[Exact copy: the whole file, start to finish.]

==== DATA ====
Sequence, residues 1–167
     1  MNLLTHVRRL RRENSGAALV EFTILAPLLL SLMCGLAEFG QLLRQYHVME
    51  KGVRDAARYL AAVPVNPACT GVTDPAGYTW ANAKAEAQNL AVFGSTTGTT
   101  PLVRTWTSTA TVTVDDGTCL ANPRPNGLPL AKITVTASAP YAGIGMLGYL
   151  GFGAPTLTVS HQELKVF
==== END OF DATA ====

Sequence, residues 1–167
     1  MNLLTHVRRL RRENSGAALV EFTILAPLLL SLMCGLAEFG QLLRQYHVME
    51  KGVRDAARYL AAVPVNPACT GVTDPAGYTW ANAKAEAQNL AVFGSTTGTT
   101  PLVRTWTSTA TVTVDDGTCL ANPRPNGLPL AKITVTASAP YAGIGMLGYL
   151  GFGAPTLTVS HQELKVF